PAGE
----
Wednesday, February 18, 2015

A Path Best Avoided: A Proposal for Law Firms to Go Public

A Path Best Avoided: A Proposal for Law Firms to Go Public

Over recent years, the economics of the legal profession has come under significant pressure.  Law firms have tried mergers and layoffs to get ahead of billing pressures.  In a recent law review article, Jonathan T. Molot, a Georgetown law professor, suggests that law firms take on outside investors by going public.[1]  Professor Molot suggests that outside capital would solve the problem of retaining key professionals and making needed investments in technology.  For the largest legal practices, the professor’s proposal might solve their business problems.  However, for clients, rank and file employees, and the public, this is a bad idea.



Forty years ago, investment banks were private companies largely owned by their executives.  The industry complained that it didn’t have sufficient capital to invest in their business and retain key bankers, brokers, and traders.  For the major investment banks (Goldman Sachs, Merrill Lynch, Morgan Stanley), becoming public made the existing executives incredibly wealthy and provided capital for expansion.  However, it created more problems than it solved.

While the founding and existing partners became fabulously wealthy, the younger partners and senior associates were left behind.  And while the additional capital was helpful in financing deals and technology projects, it turned out to be insufficient.  Eventually the investment banks ran short on capital again and clamored for the repeal of Glass-Steagall so they could merge with banks.  Going public hadn’t solved their long-term problems.

Going public created a far more pernicious problem that continues to plague us.  When Wall Street investment banks began to accept outside capital, they fundamentally changed the alignment of interest that inhibited executives from taking excessive risks.  As private companies, investment bank executives put their own wealth and livelihood at risk when they underwrote a deal.  As public companies, executives were able to make bets with other people’s money.  Lehman and Bear Stearns managers might have been a bit more prudent if their entire net worth had been at risk.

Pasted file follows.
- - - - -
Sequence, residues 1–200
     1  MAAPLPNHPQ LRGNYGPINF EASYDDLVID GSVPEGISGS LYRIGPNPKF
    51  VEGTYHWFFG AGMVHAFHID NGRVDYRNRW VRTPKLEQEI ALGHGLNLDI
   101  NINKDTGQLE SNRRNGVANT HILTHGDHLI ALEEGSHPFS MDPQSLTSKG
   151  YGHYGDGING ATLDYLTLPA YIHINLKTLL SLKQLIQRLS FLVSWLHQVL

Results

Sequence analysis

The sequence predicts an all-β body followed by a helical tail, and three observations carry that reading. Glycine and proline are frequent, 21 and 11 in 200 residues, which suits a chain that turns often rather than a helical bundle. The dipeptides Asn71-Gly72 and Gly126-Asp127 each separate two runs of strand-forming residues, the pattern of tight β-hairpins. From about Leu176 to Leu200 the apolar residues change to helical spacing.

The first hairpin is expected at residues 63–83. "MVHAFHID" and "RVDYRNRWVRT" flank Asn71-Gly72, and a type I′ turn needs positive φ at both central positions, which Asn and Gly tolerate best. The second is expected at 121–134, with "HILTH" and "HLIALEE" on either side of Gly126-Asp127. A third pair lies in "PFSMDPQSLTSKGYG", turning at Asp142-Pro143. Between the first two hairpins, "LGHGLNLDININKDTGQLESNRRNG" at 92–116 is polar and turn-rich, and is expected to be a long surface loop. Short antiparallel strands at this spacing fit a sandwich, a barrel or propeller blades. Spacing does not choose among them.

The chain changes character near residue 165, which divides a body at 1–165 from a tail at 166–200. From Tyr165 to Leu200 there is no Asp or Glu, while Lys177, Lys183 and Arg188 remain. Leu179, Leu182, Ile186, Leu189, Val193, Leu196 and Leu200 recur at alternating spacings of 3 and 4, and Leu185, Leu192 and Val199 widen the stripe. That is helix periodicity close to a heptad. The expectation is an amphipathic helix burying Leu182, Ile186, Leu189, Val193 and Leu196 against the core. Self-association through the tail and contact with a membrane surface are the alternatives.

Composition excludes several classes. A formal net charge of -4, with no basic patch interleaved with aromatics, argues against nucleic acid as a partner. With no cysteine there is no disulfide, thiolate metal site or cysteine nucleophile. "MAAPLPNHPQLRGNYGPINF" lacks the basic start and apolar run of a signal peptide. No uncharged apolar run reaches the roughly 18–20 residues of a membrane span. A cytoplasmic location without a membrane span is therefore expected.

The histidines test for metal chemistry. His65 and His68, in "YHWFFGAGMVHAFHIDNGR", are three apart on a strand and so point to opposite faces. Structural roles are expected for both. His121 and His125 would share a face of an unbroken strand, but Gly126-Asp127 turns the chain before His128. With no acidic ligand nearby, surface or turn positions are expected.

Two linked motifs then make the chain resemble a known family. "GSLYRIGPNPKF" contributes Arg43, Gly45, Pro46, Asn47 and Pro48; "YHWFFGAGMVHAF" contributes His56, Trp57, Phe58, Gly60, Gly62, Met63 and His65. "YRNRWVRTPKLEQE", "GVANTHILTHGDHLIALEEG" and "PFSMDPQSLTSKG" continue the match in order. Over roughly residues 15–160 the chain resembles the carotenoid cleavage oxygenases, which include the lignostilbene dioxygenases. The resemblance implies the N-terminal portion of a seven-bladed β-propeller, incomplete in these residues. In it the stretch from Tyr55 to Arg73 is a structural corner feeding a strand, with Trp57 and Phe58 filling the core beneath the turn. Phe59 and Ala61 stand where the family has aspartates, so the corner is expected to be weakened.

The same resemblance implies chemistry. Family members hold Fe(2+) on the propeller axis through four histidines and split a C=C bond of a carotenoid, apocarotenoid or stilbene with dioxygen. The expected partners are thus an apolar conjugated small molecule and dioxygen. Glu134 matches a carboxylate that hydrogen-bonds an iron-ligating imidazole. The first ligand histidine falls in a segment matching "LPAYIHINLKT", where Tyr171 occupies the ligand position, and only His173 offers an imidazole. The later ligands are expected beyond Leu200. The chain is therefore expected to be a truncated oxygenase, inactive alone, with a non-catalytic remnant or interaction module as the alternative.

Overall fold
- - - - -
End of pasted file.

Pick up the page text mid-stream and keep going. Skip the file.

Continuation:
In my view, major US law firms would follow a largely similar path as the investment banks if they went public.  Instead of looking out for the interests of their clients, lawyers would suddenly be concerned about keeping mutual fund and hedge fund investors happy.  Moreover, the management team would spend many hours formulating stock option plans designed to give themselves short-term payoffs.  The pressures of retaining key individuals wouldn’t go away: it would just get more expensive.  And even if going public were a real solution, it would only work for a tiny fraction of the legal industry.  Over 99% of the law firms in America are way too small to even consider going public.

Professional intermediaries shouldn’t be public companies.  The fact that accountants, investment banks, and rating agencies have gone public is the best evidence against the idea.   Fortunately, the American Bar Association has rejected the idea of law firms going public on two occasions since 2000, and I hope they will maintain that position.



[1] http://dealbook.nytimes.com/2015/02/18/a-call-for-law-firms-to-go-public

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